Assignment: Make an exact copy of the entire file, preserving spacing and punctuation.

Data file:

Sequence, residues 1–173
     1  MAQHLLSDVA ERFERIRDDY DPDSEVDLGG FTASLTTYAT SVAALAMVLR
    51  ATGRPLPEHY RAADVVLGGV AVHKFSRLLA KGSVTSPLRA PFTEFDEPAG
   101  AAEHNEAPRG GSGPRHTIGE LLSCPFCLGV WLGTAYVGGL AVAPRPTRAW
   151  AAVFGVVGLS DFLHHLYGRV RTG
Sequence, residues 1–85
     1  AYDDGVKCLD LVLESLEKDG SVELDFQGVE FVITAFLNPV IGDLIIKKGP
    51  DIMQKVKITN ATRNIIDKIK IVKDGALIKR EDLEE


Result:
Sequence, residues 1–173
     1  MAQHLLSDVA ERFERIRDDY DPDSEVDLGG FTASLTTYAT SVAALAMVLR
    51  ATGRPLPEHY RAADVVLGGV AVHKFSRLLA KGSVTSPLRA PFTEFDEPAG
   101  AAEHNEAPRG GSGPRHTIGE LLSCPFCLGV WLGTAYVGGL AVAPRPTRAW
   151  AAVFGVVGLS DFLHHLYGRV RTG
Sequence, residues 1–85
     1  AYDDGVKCLD LVLESLEKDG SVELDFQGVE FVITAFLNPV IGDLIIKKGP
    51  DIMQKVKITN ATRNIIDKIK IVKDGALIKR EDLEE